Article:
Property investors in central London and other major cities across the UK will have had much to get excited about and focus on in recent years. The growth of city centre living has been rapid, particularly in the Midlands and North, but the capital - where such a market was already well established - has still seen plenty of growth.
A recent study by the Centre for Cities revealed some dramatic changes in city centre populations between 2002 and 2015. Because such an area is not strictly defined, the study judged this to be localities within a two mile radius of the geographical centre of London (Charing Cross); within 0.8 miles of the central points of other cities; and 0.6 miles of the heart of a city of between 135,000 and 550,000 inhabitants.
On this basis, central London saw the highest growth in absolute numbers, from 268,700 to 327,200. However, this increase of 22 per cent was comparatively modest compared with the three-figure growth seen in cities like Manchester, Birmingham, Leeds, Bradford and table-topper Liverpool, which saw a 181 per cent rise.
The rapid growth in these city centre populations has come with some very distinct demographic footprints. Those moving into the large apartment complexes and other homes that have sprouted up around city centres are disproportionately graduates, young, single and without children. In the 2011 census, it was revealed that half of those living in the centres of the largest cities were in their 20s.
While many will marvel at what this has done for places like Manchester and Birmingham, which have become hives of construction activity with one skyscraper after another rising up, it does raise some wider questions about the development of rental property.
Undoubtedly, the process of city centre repopulation has brought a dramatic change, from the crowded slums of decades ago through to sparse populations and now a flood of young, mobile renters with few ties and often no more of a commute than a short walk. But this is not the whole of the rental property market, and an excessive focus on booming city centres may leave significant gaps.
Indeed, it is in response to this that some investors and developers are now deliberately targeting the under-served market for rented family homes in the suburbs and outside the cities.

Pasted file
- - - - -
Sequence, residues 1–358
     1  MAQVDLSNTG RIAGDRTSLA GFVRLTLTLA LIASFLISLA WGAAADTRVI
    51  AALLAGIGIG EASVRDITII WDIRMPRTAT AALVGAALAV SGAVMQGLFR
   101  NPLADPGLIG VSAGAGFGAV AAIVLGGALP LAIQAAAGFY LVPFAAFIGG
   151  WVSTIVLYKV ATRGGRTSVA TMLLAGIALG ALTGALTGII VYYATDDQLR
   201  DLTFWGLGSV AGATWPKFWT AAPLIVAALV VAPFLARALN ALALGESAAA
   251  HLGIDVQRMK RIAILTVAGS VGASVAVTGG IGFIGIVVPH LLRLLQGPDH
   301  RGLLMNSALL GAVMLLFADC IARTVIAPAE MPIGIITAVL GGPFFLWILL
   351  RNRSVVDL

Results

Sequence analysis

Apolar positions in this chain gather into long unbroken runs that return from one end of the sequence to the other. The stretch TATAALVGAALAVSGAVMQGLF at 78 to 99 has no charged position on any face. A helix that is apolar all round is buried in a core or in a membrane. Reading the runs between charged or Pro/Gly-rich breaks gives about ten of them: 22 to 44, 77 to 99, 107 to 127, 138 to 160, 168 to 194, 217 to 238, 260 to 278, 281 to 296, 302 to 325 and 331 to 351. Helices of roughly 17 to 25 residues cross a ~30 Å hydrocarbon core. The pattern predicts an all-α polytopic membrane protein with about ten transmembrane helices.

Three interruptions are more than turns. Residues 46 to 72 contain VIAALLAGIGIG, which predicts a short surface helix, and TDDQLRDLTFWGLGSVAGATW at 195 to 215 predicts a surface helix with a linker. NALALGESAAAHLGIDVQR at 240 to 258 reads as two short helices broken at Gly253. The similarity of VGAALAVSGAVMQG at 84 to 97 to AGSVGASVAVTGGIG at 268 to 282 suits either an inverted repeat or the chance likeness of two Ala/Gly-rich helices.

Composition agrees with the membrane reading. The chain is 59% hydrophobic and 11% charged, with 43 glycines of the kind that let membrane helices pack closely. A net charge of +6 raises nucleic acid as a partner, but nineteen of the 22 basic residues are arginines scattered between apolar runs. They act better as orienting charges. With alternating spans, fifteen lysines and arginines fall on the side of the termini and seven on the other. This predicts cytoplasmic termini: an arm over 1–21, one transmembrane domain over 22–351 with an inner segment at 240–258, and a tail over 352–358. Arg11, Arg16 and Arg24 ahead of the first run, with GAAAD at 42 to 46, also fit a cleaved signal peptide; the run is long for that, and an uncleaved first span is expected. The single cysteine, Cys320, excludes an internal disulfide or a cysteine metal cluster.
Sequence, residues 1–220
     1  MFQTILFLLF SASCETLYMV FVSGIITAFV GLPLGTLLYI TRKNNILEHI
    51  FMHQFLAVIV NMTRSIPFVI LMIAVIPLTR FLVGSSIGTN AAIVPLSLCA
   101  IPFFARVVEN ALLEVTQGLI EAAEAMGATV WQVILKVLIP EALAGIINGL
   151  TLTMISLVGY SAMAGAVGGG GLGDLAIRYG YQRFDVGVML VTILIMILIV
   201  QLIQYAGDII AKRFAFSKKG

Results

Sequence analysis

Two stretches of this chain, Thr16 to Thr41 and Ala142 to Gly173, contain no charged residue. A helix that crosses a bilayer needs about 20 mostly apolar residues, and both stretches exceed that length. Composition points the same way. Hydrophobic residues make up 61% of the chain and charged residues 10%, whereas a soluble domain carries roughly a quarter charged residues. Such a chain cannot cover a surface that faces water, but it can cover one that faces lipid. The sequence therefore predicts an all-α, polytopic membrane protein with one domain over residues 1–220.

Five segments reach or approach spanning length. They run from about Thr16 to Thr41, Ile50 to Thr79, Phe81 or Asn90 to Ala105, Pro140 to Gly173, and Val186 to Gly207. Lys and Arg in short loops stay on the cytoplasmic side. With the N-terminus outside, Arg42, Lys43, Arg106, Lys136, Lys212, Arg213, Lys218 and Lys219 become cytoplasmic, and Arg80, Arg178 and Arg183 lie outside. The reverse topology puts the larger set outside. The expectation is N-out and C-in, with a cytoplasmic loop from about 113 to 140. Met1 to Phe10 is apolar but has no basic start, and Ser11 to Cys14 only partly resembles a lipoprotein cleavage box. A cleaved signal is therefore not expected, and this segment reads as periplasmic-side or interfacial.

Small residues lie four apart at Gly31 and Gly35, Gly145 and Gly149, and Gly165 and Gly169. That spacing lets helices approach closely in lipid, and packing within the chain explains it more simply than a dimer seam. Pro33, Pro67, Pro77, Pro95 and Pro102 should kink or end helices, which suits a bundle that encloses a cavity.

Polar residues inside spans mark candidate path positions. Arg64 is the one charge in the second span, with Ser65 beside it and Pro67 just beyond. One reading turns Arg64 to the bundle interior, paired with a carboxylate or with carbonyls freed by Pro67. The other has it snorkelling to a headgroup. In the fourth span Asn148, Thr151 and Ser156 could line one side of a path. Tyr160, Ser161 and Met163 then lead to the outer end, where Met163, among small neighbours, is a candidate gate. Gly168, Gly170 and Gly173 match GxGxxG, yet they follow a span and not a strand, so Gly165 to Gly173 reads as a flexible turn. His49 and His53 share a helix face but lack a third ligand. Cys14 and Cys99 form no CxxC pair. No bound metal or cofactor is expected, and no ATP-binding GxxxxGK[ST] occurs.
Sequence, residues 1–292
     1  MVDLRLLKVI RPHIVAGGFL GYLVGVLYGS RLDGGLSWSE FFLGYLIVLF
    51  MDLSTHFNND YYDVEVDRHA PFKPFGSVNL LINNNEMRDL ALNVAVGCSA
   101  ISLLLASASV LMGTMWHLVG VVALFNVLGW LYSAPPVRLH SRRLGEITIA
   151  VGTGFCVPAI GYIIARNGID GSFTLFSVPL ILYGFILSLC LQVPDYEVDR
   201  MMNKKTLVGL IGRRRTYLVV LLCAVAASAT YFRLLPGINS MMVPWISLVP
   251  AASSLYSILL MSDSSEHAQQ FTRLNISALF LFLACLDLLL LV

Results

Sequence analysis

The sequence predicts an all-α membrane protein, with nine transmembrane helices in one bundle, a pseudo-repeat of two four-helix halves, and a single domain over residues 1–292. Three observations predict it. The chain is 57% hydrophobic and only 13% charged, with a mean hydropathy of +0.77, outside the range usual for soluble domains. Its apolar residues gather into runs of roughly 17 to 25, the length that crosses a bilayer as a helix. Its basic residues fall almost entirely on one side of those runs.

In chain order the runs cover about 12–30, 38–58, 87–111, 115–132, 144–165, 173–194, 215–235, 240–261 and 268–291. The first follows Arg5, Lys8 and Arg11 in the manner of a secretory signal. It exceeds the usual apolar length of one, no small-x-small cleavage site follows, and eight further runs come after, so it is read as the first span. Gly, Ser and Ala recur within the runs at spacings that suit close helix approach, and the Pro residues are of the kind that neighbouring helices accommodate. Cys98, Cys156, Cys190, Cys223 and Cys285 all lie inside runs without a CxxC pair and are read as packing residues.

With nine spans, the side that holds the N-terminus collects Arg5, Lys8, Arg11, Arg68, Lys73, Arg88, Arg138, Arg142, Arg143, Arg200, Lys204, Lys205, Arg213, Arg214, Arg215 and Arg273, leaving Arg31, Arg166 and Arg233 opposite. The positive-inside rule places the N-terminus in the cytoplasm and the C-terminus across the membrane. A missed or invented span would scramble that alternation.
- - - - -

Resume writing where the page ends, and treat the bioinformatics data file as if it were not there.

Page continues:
Earlier this month, Countryside Properties private rental scheme specialist Sigma Capital Group extended a partnership that has already seen Countryside building new family homes for the developer. An initial agreement to construct 927 properties was signed in 2014 and was followed in 2016 with 900 more.
This has now been extended with a new deal for 5,000 more homes. Countryside will be expanding its operations in the Midlands and Yorkshire in the process.
Sigma chief executive Graham Barnet observed: "There is a structural shortage of housing in the UK, across all tenures, and our unrivalled delivery platform brings together local authorities, home builders and funders with the common aim of creating new, professionally-managed rental homes for families, a largely neglected and growing part of the overall rental market."
Such neglect might be understandable in some ways. The growth of city centres has not just been residential, but also in terms of jobs, with Manchester topping the 2012-15 table with an 84 per cent increase in employment opportunities. The combination of this and the plethora of new city centre living opportunities may have caused some developers to take their eyes off the ball when it comes to the diversity of rental market growth. More people may work in city centres, but that doesn't mean they all want to live there.
The reality is that, for all that city centre growth may be exciting and dynamic, there is still plenty of demand - and opportunities - in the suburbs and commuter towns.